Volvo XC40 T5 Recharge R-Design: long-term test review

First report: the plug-in hybrid Volvo XC40 T5 Recharge has got off to a strong start, thanks to life under lockdown


  • 4.0 out of 5

    Verdict

    Our Volvo XC40 Recharge is well suited to life in lockdown, coping easily with pure-electric weekly shopping runs. The real test will come when we’re able to start mixing electric power with hybrid running on longer drives.

    The world might seem like it’s being held in a freeze-frame at the moment, but when we do all emerge from lockdown, blinking into the sunlight, we’ll find the car industry in a period of real transition. We keep being told we’re going to have to go pure electric. But are we all ready for that?

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    The answer, of course, is no. And that, in theory, is where cars such as the latest arrival on our fleet come in. Because while I have plenty of experience running EVs, I’ve never tried an extended period in the ‘halfway house’ that’s supposed to help us move from petrol and diesel to that more advanced powertrain: a plug-in hybrid.

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    • So here it is, the catchily named Volvo XC40 Recharge Plug-in Hybrid T5 FWD R-Design. A brief look at the specs shows the car’s tech is nearly as complex as its name.

      The Volvo has a 1.5-litre three-cylinder petrol engine that produces 177bhp and 265Nm of torque. Then there’s also an electric motor, which contributes 81bhp, and a 10.7kWh battery that can, in theory, power the car for up to 28 miles of zero-emissions running. It’s all transferred to the road via a seven-speed automatic gearbox and front-wheel drive.

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      Volvo is certainly on a roll at the moment, but on paper at least the XC40 looks ambitiously priced. The range starts from £25k, which is reasonable for such a funky premium SUV. But the Recharge carries a premium of £15,000 over the entry-level car. Our car’s options – a trio of bundles, plus a rear parking camera, a powered driving seat, the dramatic Lava Orange carpet and premium metallic paint – take that figure to a fairly eye-watering £44,840.

      I’ve been a slave to fashion with the carpet and paint, I’ll admit (the floor lining was stunning on the original show cars from Volvo, so I’ve always wanted to put it to the test on an everyday basis). And I chose the Winter pack because the car was originally scheduled to turn up in February. But there are a couple of features that I’ve had to tick options boxes for that I think should come as standard.

      The first is smartphone integration. Volvo’s portrait-layout infotainment system is decent enough (although no longer standout brilliant in a fast-moving market), but I’ll rely heavily on Android Auto to navigate the worst traffic when my regular commute to London restarts. In this day and age, on a car costing £40k, it’s laughable that Volvo charges £300 for this functionality (it comes as a pack with Apple CarPlay as well).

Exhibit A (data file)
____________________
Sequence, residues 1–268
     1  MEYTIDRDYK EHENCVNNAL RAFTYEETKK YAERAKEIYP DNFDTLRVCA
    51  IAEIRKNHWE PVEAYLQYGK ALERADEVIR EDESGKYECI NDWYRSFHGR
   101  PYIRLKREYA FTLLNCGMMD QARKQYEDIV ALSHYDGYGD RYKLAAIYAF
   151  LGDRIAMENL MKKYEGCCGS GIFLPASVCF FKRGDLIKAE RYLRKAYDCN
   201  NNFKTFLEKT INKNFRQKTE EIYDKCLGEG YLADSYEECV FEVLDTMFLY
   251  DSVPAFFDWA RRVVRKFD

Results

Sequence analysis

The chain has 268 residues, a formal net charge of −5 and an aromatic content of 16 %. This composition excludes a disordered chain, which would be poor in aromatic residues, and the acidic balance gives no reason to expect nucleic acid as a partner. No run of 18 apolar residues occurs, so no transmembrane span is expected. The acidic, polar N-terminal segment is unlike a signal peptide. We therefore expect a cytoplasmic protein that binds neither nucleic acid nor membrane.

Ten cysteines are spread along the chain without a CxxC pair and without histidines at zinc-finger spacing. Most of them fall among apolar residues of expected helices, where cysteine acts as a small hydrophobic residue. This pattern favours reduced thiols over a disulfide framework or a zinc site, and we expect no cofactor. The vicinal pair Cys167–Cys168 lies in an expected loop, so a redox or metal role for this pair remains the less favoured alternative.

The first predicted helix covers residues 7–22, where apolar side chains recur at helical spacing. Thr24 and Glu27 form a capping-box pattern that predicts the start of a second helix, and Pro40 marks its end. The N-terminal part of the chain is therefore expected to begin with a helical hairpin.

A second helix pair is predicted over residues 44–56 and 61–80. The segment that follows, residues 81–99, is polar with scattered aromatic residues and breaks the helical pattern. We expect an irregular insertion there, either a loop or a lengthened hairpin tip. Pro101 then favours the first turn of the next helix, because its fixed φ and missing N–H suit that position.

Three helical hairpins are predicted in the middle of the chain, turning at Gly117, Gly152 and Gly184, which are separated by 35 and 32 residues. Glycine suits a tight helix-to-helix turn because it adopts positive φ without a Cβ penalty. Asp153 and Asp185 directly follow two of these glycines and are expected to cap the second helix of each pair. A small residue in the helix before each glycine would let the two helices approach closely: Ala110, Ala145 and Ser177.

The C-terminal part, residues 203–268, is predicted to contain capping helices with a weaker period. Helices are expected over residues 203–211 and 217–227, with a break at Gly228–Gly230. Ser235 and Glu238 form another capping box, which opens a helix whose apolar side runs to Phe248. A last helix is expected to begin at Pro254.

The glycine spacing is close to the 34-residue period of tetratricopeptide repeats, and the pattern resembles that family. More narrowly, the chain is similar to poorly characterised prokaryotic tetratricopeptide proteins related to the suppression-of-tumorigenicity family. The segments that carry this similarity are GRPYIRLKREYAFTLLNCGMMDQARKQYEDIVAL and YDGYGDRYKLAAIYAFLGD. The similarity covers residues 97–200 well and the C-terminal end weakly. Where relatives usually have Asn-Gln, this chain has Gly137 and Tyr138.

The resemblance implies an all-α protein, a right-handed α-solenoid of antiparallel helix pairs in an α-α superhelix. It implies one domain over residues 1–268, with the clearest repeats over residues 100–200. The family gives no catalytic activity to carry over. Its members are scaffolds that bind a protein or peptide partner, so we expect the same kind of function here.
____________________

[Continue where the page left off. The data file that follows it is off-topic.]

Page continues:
The second feature is powered child locks. To my mind at least, Volvo is still a brand with safety at its heart – so I’m surprised that this sort of family-friendly tech comes with an £85 charge. It’s small change amid the overall figure, though, and probably wouldn’t make a big difference on monthly payments or company car bills.

      And the second of those ownership methods is, of course, this XC40’s star turn. Here’s a £40,000 car that will cost 20 per cent tax-payers just £3,186 over three years as a company car – or barely £90 a month. And even 40-per centers will pay an average of just £177 a month.

      But all of this only makes sense – and delivers low running costs to the actual user beyond their company car tax bill – if you plug in the XC40 wherever possible. So that’s what I’ve been doing during lockdown, rendering the combustion engine completely irrelevant as we force the car into its EV mode for the weekly trip to the shops to pick up essential groceries. This has the added benefit of keeping me away from petrol pumps.

      I have an Octopus Go tariff – a bit like Economy 7 but for cars – and if I chuck a full battery’s-worth of electricity in overnight, I have more than enough for all of my local journeys for just 53 pence.

      On that basis, the XC40 is already working well, and the electric motor has just about enough shove to cope with the car’s increased weight when pulling away from traffic lights and junctions.

      Of course, I’m keen for the lockdown restrictions to be lifted so I can start experimenting with the Volvo’s abilities over longer journeys – playing with the different modes to see which gives me the best efficiency over my commute. It can’t come quickly enough, in so many ways.

      Model:Volvo XC40 Recharge Plug-in Hybrid T5 FWD R-Design
      On fleet since:March 2020
      Price new:£40,905
      Engine:1.5-litre petrol plus e-motor, 177+81bhp
      CO2/tax:48g/km/£465
      Options*:Lava Orange carpet (£175), child locks (£85), power driver’s seat (£450), reversing camera (£375), smartphone integration (£300), Metallic paint (£850), Convenience Pack (£600), Winter Pack (£500), Intellisafe Surround (£600)
      Insurance**:Group: 29/Quote: £480
      Mileage/mpg:N/A
      Any problems?None so far

      *Available options/packs have altered since we ordered our car.

      **From AA (0800 107 0680) for a 42-year-old in Banbury, with three points.

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